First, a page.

Pacemaker lowered in pocket


I got my 6th (I think 🤣) pacemaker in October. 
come February (about 4 months after device change) the same leads were used. I noticed that my pacemaker has gotten lower (maybe an inch or a bit more) I can also see the outline of one of the leads from under my skin near the scar (which wasn't visible prior)

this has never happened with any of my other devices.

this last device change the doctor said one of the leads had damage to the insulation in an area. He put a silicone sleeve in that area and stitched it. 
again never had this happen before... sounds like jury-rigging to me?

i meet with a new EP (not the one that did the latest procedure) end of March.

has this ever happened to anyone else?

I am keeping an eye on where it is now to make sure it doesn't keep lowering. 





by piglet22 - 2024-02-29 05:30:42


I'm not surgeon. The closest I get to creating pockets is inserting slips of garlic into lamb roast.

I would be concerned about what you describe and hope you get it checked.

Normally, some "slack" is factored into leads and I can see distinct loops in leads on X-rays on mine.

A movement away from the sub clavicle vein could put extra strain on the leads by reducing the slack.

It's not unusual to see or feel the leads or connecters.

Pacemaker leads are of a type called a coaxial lead used to shield delicate signals like cardiac or pH from leakage or interference.

Coaxial leads don't like tight bends and can introduce noise into the signal.

I would also be concerned about the reported damage presumably to the outer sleeve or sheath which has a difficult job to do.

It has to be long lasting, flexible, inert. Silicone or Teflon type material would be used, probably silicone.

Silicone splits and is difficult to repair. You can use a sleeve but it's not easy.

In industrial situations, you would use a self adhesive heat shrinkable sleeve, but where possible, it would be replaced, not repaired.

You see sleeves being used in operations to repair tears, but a cable is different to an artery.

There are probably several layers in the PM lead, for protection, insulation and electrical shielding and in my opinion, in something as critical as a PM, I would want to know that this was an acceptable procedure

There might be a perfectly good reason why the PM might move and an inch might not be important, but when coupled with the damage, I would want some reassurance that all is well.

Watch for any symptoms

by Gemita - 2024-02-29 06:38:06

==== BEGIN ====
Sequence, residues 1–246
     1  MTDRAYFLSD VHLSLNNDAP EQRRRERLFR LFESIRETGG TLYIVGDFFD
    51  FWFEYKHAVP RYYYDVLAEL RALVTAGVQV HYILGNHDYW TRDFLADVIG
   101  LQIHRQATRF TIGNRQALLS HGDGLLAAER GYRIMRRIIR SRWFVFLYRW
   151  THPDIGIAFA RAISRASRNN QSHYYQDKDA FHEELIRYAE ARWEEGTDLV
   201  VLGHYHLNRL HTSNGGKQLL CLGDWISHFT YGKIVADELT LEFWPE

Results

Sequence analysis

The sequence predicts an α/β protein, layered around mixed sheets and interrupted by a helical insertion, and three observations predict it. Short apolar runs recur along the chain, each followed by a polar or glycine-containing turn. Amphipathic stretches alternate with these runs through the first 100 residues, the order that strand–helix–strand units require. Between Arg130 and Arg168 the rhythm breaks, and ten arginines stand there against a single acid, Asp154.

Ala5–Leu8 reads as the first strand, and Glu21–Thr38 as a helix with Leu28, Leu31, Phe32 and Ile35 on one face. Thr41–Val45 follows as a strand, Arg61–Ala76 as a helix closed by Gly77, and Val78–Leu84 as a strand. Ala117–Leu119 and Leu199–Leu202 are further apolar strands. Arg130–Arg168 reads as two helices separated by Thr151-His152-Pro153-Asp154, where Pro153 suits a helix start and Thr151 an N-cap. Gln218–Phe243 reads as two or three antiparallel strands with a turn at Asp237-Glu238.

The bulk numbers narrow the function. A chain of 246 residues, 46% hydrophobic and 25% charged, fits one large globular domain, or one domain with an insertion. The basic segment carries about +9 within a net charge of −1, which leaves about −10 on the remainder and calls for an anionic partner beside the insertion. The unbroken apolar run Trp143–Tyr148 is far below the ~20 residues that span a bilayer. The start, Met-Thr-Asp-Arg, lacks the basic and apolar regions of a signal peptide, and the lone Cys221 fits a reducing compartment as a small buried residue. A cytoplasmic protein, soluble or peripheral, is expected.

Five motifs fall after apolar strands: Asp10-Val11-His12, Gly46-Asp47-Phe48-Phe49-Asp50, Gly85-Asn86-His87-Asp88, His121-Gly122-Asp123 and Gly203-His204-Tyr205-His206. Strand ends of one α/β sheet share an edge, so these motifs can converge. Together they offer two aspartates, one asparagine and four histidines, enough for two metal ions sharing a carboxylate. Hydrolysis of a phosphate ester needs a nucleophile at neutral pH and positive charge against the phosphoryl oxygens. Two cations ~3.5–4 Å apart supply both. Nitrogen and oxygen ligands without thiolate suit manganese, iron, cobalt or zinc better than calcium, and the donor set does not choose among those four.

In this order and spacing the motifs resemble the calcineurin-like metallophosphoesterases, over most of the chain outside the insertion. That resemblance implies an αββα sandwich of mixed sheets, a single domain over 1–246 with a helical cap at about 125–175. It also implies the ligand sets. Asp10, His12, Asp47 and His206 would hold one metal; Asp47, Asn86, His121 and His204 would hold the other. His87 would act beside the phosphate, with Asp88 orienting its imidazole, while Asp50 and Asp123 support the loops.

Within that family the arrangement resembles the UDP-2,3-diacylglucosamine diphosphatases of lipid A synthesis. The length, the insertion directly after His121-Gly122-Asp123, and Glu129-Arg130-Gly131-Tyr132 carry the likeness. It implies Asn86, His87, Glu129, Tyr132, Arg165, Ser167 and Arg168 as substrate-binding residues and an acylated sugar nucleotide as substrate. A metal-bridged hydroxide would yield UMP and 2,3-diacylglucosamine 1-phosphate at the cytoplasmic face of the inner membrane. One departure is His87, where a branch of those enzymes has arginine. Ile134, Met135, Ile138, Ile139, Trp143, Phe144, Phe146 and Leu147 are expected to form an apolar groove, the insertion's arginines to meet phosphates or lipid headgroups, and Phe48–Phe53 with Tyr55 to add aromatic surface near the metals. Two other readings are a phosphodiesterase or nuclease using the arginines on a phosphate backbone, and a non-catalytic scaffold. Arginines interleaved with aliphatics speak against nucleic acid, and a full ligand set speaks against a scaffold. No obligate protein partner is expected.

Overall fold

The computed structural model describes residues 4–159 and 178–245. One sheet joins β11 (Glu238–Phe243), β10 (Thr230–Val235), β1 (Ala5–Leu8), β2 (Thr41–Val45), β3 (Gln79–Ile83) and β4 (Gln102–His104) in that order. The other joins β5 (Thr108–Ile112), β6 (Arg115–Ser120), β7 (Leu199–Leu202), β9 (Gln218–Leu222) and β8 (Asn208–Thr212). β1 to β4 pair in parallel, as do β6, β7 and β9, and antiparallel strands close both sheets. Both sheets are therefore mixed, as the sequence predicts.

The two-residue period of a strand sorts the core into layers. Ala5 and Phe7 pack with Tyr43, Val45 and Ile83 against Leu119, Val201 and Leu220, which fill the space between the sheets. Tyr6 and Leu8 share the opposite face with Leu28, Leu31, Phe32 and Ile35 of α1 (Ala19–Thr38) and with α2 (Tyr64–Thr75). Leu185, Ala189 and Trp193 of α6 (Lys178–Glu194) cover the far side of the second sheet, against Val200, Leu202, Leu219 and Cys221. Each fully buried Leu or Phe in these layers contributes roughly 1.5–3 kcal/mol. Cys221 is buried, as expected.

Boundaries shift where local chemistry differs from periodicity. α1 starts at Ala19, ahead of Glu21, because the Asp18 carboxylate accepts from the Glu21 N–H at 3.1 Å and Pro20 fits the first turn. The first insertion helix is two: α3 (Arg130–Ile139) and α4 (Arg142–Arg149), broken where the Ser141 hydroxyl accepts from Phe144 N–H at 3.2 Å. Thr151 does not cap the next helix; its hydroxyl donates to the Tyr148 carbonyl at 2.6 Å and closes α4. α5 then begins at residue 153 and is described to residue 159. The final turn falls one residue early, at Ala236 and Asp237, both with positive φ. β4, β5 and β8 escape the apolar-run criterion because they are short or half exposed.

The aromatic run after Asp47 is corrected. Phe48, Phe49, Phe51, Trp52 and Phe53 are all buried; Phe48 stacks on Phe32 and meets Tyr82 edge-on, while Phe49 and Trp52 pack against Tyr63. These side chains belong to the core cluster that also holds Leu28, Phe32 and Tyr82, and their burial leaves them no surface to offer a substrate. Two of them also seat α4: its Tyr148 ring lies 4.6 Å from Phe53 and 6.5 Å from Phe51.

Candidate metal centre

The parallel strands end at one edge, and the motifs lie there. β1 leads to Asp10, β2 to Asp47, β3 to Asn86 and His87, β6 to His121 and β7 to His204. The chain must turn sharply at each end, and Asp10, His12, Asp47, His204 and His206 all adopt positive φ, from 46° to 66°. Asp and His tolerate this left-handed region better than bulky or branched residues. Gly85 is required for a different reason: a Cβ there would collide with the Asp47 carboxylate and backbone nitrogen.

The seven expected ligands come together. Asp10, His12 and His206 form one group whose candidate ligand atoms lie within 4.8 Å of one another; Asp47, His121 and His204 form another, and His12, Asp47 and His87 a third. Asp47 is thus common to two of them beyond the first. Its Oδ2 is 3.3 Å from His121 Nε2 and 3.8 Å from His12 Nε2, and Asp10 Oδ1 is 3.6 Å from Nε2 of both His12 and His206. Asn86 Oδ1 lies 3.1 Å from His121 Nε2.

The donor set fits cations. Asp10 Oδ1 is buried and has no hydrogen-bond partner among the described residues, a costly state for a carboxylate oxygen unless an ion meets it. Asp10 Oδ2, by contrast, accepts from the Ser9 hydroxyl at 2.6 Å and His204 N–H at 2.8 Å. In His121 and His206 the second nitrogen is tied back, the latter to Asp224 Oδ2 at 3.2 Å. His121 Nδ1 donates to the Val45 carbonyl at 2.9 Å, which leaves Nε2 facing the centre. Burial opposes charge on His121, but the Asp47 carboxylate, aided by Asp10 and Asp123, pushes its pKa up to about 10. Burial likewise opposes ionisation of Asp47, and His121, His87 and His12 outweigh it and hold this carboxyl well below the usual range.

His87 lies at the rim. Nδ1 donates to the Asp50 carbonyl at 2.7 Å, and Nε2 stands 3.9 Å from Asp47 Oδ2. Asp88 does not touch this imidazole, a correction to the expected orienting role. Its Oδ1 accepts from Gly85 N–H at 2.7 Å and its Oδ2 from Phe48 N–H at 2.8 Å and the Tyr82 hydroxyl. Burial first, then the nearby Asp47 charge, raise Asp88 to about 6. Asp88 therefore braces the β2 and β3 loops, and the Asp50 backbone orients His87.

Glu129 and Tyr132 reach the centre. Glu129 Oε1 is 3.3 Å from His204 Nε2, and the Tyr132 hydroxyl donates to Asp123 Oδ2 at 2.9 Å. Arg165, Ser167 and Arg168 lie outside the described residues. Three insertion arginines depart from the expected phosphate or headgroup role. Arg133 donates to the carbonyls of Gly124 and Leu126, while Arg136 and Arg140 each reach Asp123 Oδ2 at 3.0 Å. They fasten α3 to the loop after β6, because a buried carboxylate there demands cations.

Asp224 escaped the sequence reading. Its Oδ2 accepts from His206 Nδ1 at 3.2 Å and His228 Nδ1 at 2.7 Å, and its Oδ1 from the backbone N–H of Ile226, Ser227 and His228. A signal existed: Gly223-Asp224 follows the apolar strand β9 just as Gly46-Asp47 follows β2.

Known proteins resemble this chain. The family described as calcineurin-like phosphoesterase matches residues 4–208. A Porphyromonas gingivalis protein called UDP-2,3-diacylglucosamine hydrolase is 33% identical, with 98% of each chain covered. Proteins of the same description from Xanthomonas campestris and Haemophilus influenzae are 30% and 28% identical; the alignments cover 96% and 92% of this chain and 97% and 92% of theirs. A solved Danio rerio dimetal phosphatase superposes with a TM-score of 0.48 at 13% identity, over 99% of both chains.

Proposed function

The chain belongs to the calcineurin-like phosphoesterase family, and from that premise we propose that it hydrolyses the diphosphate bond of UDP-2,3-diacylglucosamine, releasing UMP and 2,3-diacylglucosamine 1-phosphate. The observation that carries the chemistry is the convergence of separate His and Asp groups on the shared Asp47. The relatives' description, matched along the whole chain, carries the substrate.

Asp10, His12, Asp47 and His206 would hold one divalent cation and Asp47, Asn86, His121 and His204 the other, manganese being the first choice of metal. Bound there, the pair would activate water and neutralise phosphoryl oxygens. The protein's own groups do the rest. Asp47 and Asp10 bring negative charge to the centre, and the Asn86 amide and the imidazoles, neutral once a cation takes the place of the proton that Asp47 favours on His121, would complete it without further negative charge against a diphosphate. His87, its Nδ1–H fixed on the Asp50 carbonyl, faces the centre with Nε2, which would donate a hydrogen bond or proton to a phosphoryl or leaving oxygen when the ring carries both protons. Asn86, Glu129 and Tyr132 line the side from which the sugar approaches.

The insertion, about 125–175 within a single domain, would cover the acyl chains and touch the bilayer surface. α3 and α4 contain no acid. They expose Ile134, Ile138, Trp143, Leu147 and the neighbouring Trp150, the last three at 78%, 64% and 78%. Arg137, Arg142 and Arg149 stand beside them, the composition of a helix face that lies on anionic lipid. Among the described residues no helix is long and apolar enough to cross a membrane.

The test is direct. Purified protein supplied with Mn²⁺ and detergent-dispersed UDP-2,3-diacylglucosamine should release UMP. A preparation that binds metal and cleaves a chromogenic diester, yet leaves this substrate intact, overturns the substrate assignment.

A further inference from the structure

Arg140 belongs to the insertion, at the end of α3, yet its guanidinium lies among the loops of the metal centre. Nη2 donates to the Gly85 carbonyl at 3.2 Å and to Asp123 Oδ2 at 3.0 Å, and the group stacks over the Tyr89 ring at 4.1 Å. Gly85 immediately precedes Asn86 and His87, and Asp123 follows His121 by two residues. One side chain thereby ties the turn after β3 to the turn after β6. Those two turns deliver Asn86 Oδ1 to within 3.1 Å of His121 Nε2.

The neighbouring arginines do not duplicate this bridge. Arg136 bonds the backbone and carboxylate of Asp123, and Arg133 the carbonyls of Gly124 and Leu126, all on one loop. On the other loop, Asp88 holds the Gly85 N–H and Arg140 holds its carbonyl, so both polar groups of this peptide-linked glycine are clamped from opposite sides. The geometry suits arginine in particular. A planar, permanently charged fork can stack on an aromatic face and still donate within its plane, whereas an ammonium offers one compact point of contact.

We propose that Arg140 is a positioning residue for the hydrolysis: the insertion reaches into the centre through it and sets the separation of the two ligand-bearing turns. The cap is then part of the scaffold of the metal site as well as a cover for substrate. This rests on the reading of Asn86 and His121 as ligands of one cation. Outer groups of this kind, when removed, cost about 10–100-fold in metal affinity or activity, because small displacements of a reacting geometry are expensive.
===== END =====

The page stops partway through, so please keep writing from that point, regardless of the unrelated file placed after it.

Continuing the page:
Amy, Piglet has given you lots of helpful technical information and I will just give you some practical thoughts.  I haven’t experienced a device change yet but after my only implant there was some movement of my device, more towards the left armpit, but this has in no way adversely affected my pacing experience.

Just be aware of any new or worsening symptoms.   If a pacemaker lead gets pulled out of position or the lead between your pacemaker and your heart breaks, impairing communication between the electrodes and the generator, it will most definitely cause symptoms.  If you remain symptom free, that should be a reasonable indicator that any movement in your device has not caused real harm, but of course I am glad you will be getting some checks to make absolutely sure that your leads and device are still in a good position.  Please let us know how things go? 

PS please make sure the device or leads do not actually break through the skin - that would be serious and need immediate treatment


by Tracey_E - 2024-02-29 11:04:40

With the lead, it sounds more to me like trying to squeeze out a bit more life than jury-rigging. How old are these leads?

It also sounds like when they stitched it in place, it didn't hold. You might want to ask for an xray to document where it is now and get someone to look at it to see if erosion is a potential problem. They may be able to go in and reposition it again. My last one shifted, also. It's annoying, not painful, so I opted to leave it alone rather than reposition.

Lead sleeve

by Lavender - 2024-02-29 11:30:04

Yes we had someone post within the past year of a lead that was covered by some kind of insulation sleeve rather than extract a fraying lead.  I looked briefly for the post but can't seem to find it. 


by piglet22 - 2024-02-29 11:51:06

I do remember reading it.

You have to keep in mind that there is a connector that is usually larger than the lead.

A sleeve can be expanded to go over the connector, but it needs to be a moisture-proof fit.

For what it's worth, the applicator is similar to that used, how shall I put it, to reduce friskiness in new born male lambs.

Fraying lead repaired

by JaneJ - 2024-03-01 04:10:29

I had some degrading present on my atrial lead during my last replacement surgery.  They used a medical grade adhesive material to repair it.  They applied the adhesive, let it dry, then closed me up.  So far so good with the quick fix they provided.  Leads all seem to be in good, working order.  That was about 7 years ago.  I'll have another battery replacement coming up this year, so we'll see how things look with the repaired lead at that point.  Must be some super glue they!  😂

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